CASE DESCRIPTION A 2.5-year-old 12-kg (26.4-lb) castrated male Miniature American Shepherd was referred because of a 3-week history of a localized crusted skin lesion on the digital pad of digit 3 of the right hind limb.
CLINICAL FINDINGS Skin lesions were noted on the digital pads of the right hind limb. Serum biochemical analyses indicated severe hypercholesterolemia and hypertriglyceridemia. Ultrasonography of the terminal portion of the aorta and other major arterial vessels revealed substantial arteriosclerotic change.
TREATMENT AND OUTCOME Medical treatments included administration of atorvastatin calcium, a low-fat diet, and omega-3 fatty acids to reduce serum lipids concentration; clopidogrel to prevent thrombosis; pentoxifylline to improve microcirculatory blood flow; clomipramine hydrochloride and trazodone hydrochloride to help with the behavioral problems; and gabapentin to help with pain management and behavioral problems. Surgical management included amputation of the initial digit involved, then eventually the entire initial limb involved. The response to treatment was poor, and euthanasia was elected. Postmortem findings revealed severe, widespread, and chronic intimal atherosclerosis; mild, widespread, and degenerative changes in the cerebral cortex; and edema and vascular congestion in the meninges.
CLINICAL RELEVANCE To the authors' knowledge, this was the first report of skin necrosis secondary to atherosclerosis in a dog. Although the incidence of atherosclerosis has been considered very low in dogs, it should be investigated in dogs with severe hyperlipidemia. Primary hyperlipidemia has not been previously described in Miniature American Shepherd dogs but was the suspected underlying metabolic disorder.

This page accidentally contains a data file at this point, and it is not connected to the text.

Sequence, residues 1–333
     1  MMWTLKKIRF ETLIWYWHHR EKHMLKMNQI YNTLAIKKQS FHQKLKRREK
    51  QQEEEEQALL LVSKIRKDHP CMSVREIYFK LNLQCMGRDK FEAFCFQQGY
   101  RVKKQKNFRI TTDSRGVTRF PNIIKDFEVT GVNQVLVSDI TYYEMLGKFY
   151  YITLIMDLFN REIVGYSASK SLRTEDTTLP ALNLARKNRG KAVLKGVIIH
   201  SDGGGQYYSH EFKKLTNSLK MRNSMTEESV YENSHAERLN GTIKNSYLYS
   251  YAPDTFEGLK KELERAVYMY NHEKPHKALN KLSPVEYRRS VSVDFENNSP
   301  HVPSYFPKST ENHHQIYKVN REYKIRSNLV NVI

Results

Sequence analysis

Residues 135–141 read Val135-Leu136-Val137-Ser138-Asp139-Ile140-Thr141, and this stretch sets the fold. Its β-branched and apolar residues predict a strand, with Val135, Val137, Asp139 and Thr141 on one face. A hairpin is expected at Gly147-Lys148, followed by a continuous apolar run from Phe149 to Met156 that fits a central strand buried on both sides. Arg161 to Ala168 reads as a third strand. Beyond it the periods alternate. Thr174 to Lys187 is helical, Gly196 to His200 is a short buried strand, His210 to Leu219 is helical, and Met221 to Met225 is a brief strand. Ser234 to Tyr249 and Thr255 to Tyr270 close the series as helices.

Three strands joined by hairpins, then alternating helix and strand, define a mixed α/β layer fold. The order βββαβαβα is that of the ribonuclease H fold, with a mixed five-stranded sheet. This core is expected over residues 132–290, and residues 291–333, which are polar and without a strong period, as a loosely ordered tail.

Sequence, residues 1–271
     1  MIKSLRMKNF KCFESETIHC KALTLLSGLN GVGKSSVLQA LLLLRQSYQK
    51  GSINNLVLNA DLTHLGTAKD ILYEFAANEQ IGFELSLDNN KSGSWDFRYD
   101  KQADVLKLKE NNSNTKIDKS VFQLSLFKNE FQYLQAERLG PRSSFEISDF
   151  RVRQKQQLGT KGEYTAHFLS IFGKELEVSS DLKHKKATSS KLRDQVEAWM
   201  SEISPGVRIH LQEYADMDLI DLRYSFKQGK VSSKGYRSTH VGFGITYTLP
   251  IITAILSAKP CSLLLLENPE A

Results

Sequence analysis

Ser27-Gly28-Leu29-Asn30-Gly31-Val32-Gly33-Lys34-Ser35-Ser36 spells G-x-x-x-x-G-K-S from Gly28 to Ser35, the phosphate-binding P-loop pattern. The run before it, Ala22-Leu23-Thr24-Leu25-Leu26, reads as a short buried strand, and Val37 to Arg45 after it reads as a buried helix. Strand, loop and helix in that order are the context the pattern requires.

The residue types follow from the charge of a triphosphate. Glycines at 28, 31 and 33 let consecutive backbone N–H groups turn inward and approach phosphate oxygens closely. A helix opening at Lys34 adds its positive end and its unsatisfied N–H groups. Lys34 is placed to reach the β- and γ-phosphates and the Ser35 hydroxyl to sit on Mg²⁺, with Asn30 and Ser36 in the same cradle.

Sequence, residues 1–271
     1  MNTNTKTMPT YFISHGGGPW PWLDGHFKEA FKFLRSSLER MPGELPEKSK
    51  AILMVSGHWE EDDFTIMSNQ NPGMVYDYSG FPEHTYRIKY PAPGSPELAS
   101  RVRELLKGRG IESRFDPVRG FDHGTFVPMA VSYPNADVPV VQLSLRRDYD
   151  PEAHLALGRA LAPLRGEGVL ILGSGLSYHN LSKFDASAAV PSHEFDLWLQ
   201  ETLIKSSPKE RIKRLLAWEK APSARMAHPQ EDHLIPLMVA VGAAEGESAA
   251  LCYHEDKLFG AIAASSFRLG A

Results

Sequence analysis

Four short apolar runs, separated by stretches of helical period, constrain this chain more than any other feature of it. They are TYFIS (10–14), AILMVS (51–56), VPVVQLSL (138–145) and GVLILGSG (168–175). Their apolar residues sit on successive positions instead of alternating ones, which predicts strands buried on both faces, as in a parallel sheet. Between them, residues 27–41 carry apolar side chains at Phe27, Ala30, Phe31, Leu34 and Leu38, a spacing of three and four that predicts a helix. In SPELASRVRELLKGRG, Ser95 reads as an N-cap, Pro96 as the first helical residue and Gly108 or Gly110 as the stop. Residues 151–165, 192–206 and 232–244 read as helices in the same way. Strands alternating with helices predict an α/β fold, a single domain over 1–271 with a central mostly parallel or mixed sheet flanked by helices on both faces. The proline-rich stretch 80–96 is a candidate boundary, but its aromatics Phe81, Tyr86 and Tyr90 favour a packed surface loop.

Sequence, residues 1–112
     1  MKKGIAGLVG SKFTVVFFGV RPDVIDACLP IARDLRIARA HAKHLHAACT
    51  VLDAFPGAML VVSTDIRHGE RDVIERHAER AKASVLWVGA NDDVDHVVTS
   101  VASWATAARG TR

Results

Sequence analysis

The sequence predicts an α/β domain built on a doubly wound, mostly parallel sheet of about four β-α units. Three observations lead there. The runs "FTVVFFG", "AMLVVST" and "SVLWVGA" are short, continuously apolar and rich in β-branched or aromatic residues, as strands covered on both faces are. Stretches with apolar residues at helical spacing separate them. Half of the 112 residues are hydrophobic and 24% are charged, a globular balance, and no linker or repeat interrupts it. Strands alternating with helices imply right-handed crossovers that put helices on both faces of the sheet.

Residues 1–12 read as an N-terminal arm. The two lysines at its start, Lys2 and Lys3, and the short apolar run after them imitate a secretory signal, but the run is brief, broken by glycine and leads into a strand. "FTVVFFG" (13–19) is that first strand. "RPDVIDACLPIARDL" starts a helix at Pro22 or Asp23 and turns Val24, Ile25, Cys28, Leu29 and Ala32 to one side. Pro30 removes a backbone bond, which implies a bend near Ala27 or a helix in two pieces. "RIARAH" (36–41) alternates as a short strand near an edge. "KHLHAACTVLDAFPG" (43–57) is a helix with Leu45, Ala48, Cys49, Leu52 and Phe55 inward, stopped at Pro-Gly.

A 16-year-old 7.8-kg (17.16-lb) sexually intact female serval (Leptailurus serval) housed at the Baton Rouge Zoo was evaluated at the zoo's veterinary hospital because of recurrent hematuria, pollakiuria, and intermittent anorexia of several weeks' duration.
Clinical, Clinicopathologic, and Gross Findings
Over a 6-month period, the hematuria became refractory to treatment. Urinalysis performed on a free-catch urine sample revealed a urine specific gravity of 1.014, 1+ proteinuria, 3+ blood, 25 to 50 RBCs/low power field (10X), and 1 to 3 WBCs/low power field (10X). Examination of a cytospin preparation of urine sediment revealed 1 to 3 epithelial cells/hpf
Objective—To document clinicopathologic, histologic, and toxicologic findings in cats inadvertently exposed to pet food contaminated with melamine and cyanuric acid.
Animals—70 cats from a single cattery inadvertently fed contaminated food that was the subject of a March 2007 recall.
Procedures—Clinical signs, clinicopathologic and histopathologic findings, and results of toxicologic analyses were recorded
Results—Clinical signs were identified in 43 cats and included inappetence, vomiting, polyuria, polydipsia, and lethargy. Azotemia was documented in 38 of the 68 cats for which serum biochemical analyses were performed 7 to 11 days after consumption of the contaminated food. One cat died, and 13 were euthanized. Histologic examination of kidney specimens from 13 cats revealed intratubular crystalluria, tubular necrosis with regeneration, and subcapsular perivascular inflammation characterized by perivascular fibroplasia or fibrosis and inflammation with intravascular fibrin thrombi. Toxicologic analyses revealed melamine and cyanuric acid in samples of cat food, vomitus, urine, and kidneys.
Conclusions and Clinical Relevance—In cats unintentionally fed pet food contaminated with melamine and cyanuric acid, the most consistent clinical and pathologic abnormalities were associated with the urinary tract, specifically tubular necrosis and crystalluria.